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Evaluating Information

Evaluating Information

Critical evaluation of the information you find is essential to conducting quality research.  With so much information available, in different formats, from so many different sources, each piece of information that you select must be carefully reviewed to ensure the quality, authority, perspective, and balance that best supports your research.



  • Who is the author/creator of the information?
  • Is he/she the original author/creator?
  • Is the person qualified?  What are his/her credentials?  What is his/her occupation?
  • Is the source sponsored or endorsed by an institution or organization?



  • Is the information accurate?  How does it compare with other sources on the subject?  Is it consistent with what else you know about the subject?
  • Is the information complete?  Does it provide enough evidence to support its claim or position?
  • Were conclusions appropriate based on the information presented?



  • Does the source present a balanced view of the different perspectives on the topic?
  • Is the bias of the author/creator obvious?
  • Is the source trying to convince you of a point of view?
  • Is the publication in which the item appears published, sponsored, or endorsed by a political or other special interest group?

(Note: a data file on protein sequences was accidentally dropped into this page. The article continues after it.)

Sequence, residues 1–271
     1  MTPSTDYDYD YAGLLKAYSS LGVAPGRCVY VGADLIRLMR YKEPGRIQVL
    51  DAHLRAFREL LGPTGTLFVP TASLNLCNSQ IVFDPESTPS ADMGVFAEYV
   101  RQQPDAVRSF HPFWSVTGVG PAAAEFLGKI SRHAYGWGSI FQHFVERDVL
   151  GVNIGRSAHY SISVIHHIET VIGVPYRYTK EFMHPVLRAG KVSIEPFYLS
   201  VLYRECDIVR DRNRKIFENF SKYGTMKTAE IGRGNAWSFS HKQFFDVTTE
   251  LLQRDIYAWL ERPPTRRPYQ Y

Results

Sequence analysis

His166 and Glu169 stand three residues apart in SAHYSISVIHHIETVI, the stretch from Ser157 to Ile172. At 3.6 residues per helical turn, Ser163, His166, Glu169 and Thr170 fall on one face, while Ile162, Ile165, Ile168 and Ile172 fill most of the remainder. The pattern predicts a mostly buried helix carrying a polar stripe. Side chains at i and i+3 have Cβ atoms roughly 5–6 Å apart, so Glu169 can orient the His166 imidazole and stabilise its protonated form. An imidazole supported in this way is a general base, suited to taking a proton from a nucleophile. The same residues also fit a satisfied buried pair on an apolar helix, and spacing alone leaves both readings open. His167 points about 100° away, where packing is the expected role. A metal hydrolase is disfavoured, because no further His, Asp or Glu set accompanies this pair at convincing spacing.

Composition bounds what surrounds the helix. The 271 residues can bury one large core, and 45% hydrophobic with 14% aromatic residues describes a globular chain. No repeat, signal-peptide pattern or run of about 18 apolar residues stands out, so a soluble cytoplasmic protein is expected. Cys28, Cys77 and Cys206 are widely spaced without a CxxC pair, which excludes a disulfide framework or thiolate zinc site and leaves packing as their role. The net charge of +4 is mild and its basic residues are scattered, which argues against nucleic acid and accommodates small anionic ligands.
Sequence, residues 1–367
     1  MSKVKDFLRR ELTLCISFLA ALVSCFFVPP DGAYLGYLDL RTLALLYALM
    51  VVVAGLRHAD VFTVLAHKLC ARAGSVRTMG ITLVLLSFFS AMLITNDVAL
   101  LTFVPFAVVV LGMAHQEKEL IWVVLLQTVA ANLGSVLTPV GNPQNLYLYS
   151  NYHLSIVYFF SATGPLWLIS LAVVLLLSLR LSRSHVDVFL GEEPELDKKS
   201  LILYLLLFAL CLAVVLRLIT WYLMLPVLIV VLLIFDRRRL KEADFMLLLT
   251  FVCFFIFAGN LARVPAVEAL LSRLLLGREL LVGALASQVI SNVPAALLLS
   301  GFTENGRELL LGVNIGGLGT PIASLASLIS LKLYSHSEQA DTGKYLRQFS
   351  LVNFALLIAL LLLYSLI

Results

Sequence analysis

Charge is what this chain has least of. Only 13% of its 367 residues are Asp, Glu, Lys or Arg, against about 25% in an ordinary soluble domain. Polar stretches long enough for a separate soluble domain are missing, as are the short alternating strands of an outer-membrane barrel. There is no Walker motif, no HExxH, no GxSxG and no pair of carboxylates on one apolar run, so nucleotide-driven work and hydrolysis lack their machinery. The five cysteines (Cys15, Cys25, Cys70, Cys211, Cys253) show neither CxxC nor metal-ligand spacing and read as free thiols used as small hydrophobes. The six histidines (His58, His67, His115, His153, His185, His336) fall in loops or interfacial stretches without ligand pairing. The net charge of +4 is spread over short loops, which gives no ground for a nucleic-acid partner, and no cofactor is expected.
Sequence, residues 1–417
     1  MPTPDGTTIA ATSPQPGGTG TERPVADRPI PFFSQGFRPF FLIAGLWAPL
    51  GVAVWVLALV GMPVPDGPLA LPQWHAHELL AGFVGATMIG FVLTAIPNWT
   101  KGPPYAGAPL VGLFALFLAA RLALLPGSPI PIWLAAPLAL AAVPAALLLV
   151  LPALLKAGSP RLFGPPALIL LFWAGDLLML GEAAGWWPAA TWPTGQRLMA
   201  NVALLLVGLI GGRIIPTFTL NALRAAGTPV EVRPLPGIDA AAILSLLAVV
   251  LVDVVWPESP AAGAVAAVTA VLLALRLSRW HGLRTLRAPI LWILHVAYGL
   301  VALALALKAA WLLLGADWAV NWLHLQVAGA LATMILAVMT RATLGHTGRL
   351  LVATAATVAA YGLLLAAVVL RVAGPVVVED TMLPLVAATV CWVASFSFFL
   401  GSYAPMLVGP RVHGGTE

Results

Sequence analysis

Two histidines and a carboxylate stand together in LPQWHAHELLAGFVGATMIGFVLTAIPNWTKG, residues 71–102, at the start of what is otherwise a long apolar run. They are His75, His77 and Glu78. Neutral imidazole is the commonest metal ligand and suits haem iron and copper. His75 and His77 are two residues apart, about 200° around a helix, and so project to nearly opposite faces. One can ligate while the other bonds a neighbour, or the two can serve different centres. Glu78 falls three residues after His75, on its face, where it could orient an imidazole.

Date of Publication

  • How important is currency to your topic?
  • Is new research replacing older studies or adding to the previous research?
  • Does it report facts from the actual time of the event or issue?
  • Is it retrospective, providing some review or analysis of previous research?



  • Is the source comprehensive for the entire field of study, presenting multiple viewpoints?
  • Is it specialized, focusing on only certain aspects?
  • Is it ethnocentric, reflecting the values or beliefs of a certain group?


Intended Audience/Level of Information

  • Who is the intended audience...the general public?  The educated layperson?  Professionals?  Practitioners?  Scholars?
  • Is it written at a level that is understandable and makes sense to you?  Consider the vocabulary used.
  • Does it build on what you already know?
  • Does it include a bibliography or links to additional sources to consult?


Quality of Publication

  • Do you know anything about the publisher of the source?
  • Is it published, sponsored, or endorsed by a professional association, organization, or society?


Ease of Use/Special Features

  • Does the source contain a table of contents and/or an index to facilitate use and find the specific information you need?
  • Is it well organized?
  • Does it include a bibliography?
  • Does it contain graphs, tables, charts, illustrations, photographs, maps, or other special features that add to its usefulness?


Last modified: December 20, 2010

Evaluating Different Types of Sources

Evaluating Different Types of Sources